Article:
Hollywood Unoriginality Ratio: My Bloody Valentine 3D

January 18th, 2009

Geoff and I went to Century 12 Downtown in San Mateo last night to check out My Bloody Valentine, a horror movie where a miner kills people with a pickaxe. I’m not normally one to drop hard-earned cash on cheesy slasher flicks in the theater (Netflix is a wonderful way to get my fix while holding back on the simoleons), but I was particularly drawn to the experience because the movie was presented in glorious 3D!!! That’s right, no longer were we bound to the tyranny of mere height and width; this time, depth came along for the ride!

Sure, 3D is a gimmick Hollywood’s been trying to use on us for the last 50 years to put asses in seats, and generally isn’t used to any real artistic effect, but every once in awhile it can be a fun experience. Prior to this gem, I’d only previously seen two 3D movies in theaters (Spy Kids 3D: Game Over and The Nightmare Before Christmas; guess which one was actually good?), and this, well… was the third. Beyond the money shots of gruesome murders committed with pickaxe, most of the movie was so slow and uneventful it made severely poor usage of the technology. We counted three instances of a character slowly rotating a gun toward the camera. Okay guys, we get it, the movie’s IN 3D. It’s a fairly standard whodunnit storyline with a twist that I must confess I found somewhat disappointing (I don’t feel the clues were laid out very well, and the revelation leaves a lot of holes). But of course, you don’t see slasher films for the deep plots and shocking developments. If you see only one movie about a mass murderer offing people with a pickaxe this year… eh, wait and see, maybe the new Street Fighter movie will have something to offer.

I was a little surprised by the trailer fare, in that I was expecting the normal array of multiple films I don’t really care about seeing in the coming months, but instead, there was only one trailer! Real D, the company that provided the glasses and single-projector stereoscopy technology for My Bloody Valentine 3D apparently got to decide on the trailers or something, because that film was another 3D flick using the same projector system. Well hey, makes my job easier, and it got us into the movie quicker than I can ever recall, so hooray Real D!

Coraline 3D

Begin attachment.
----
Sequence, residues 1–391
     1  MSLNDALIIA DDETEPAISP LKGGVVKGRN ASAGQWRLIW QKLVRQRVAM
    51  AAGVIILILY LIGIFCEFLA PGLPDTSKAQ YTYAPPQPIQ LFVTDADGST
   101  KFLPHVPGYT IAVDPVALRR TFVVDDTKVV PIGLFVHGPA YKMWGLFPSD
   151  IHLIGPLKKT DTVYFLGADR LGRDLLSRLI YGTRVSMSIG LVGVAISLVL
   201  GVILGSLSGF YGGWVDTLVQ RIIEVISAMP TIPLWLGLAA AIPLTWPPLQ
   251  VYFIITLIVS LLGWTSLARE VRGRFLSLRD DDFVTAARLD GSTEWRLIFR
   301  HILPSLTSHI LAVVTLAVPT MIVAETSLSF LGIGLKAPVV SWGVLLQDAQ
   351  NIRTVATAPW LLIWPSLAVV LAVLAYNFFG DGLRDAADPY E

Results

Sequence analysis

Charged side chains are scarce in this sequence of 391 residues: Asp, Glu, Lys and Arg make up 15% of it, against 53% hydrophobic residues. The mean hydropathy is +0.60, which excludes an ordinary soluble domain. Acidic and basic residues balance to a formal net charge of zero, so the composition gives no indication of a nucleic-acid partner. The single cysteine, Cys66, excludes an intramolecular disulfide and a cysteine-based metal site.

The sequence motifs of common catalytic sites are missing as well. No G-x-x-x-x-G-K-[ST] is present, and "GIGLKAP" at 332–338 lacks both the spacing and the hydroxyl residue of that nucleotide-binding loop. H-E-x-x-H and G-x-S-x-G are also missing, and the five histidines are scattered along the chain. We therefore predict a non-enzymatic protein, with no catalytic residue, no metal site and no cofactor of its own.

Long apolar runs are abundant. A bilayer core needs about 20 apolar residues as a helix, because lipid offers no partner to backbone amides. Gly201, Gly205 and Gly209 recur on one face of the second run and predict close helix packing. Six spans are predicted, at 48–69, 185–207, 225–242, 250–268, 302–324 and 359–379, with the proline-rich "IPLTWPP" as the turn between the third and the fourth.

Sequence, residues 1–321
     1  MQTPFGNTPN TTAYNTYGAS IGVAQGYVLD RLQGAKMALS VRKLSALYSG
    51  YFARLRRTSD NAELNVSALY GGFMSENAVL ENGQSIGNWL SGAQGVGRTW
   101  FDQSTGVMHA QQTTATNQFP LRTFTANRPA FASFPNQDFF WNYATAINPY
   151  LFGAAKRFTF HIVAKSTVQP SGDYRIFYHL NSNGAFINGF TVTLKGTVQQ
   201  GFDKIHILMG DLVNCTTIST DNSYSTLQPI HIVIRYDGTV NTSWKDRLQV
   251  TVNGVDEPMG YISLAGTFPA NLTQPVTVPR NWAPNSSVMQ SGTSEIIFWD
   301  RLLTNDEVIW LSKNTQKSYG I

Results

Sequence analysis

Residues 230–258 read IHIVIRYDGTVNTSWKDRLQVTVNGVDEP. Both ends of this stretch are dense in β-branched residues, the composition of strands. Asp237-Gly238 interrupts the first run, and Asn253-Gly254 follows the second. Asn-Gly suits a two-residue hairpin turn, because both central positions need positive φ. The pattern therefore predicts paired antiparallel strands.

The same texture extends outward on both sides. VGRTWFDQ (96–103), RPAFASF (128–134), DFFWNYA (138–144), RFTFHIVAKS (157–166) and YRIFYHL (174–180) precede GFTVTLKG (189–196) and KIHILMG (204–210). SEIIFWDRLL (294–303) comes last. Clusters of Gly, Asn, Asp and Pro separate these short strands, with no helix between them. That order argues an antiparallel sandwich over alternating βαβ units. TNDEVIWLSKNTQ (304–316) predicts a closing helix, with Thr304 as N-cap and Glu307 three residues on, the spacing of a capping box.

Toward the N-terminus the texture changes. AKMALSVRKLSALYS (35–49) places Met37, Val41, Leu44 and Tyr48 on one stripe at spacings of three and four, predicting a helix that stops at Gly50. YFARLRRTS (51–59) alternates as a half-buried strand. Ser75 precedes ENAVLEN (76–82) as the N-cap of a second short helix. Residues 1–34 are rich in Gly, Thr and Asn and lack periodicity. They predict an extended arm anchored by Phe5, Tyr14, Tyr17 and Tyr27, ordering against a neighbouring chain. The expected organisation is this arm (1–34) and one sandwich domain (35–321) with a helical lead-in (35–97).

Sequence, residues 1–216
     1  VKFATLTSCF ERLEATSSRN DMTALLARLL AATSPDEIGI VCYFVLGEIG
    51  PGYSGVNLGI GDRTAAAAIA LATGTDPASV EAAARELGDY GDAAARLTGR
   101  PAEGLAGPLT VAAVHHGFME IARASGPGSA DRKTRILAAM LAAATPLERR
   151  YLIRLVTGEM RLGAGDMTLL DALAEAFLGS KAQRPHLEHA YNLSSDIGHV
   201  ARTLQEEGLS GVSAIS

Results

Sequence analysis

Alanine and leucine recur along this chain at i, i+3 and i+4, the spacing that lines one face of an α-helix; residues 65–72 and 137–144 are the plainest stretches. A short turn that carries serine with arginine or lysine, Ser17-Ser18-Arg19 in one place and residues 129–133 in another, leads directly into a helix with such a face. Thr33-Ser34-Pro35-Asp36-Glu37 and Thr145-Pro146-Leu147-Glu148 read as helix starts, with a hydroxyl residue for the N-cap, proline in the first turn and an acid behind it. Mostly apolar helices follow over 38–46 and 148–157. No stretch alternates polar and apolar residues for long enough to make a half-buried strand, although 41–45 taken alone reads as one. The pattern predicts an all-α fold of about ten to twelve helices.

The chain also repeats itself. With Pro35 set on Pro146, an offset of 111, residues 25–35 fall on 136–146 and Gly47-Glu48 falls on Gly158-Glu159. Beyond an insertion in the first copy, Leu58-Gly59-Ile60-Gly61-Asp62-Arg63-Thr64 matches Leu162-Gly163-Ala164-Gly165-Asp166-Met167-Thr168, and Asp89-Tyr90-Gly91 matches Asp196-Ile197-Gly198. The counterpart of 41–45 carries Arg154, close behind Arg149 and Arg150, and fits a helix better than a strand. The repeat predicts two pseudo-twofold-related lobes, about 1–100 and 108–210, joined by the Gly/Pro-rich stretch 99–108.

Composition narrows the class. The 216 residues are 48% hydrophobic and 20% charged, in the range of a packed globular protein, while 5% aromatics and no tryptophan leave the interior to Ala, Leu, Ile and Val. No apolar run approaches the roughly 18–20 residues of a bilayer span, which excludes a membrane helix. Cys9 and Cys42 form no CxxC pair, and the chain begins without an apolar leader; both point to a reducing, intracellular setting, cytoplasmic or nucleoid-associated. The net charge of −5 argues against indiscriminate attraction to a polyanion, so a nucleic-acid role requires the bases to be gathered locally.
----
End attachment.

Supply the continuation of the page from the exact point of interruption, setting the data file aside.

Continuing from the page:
Whoa ho! The only trailer they played and it’s something I actually want to see! Based on Neil Gaiman’s story of the same name (sans 3D) and therefore an ADAPTATION, Coraline is the first stop-motion animated movie filmed stereoscopically. What this basically amounts to is that the movie will look much better than the average 3D film because it was actually filmed in 3D! The video looked incredible. The effect was at its best not when things popped out of the screen, but when objects receded into the distance (especially one shot where Coraline opens the secret door and watches a tunnel extend backward into darkness). On top of that, I’ve already been pumped about this for some time, and now I will almost certainly seek out a 3D screening come release! Sadly, since your average computer does not have built-in stereoscopic video output capability, I can’t put up the 3D trailer, so go watch My Bloody Valentine 3D to check it out (I kid, of course).

TOTAL: 100% (1/1)

As of a January 18th screening of My Bloody Valentine 3D at Century 12 Downtown in San Mateo, CA, Hollywood has slated itself for a record 100% unoriginality! … But since there was only one trailer, I don’t feel that’s a fair assessment, and we’ll let them slide today.

Almost forgot to mention: the 3D glasses we got were amazingly dorky! Observe Geoff and myself, seeing the world through new eyes!


2 Responses to “Hollywood Unoriginality Ratio: My Bloody Valentine 3D”

  1. […] this movie continued My Bloody Valentine’s pesky habit of being light on the trailers, with only a single entry! Worse, it was one I […]

  2. […] local San Mateo theater last night for a screening of Coraline, presented in three dimensions! As mentioned in the previous HUR, I had been looking forward to this particular film for some time now, and it was a wonderful […]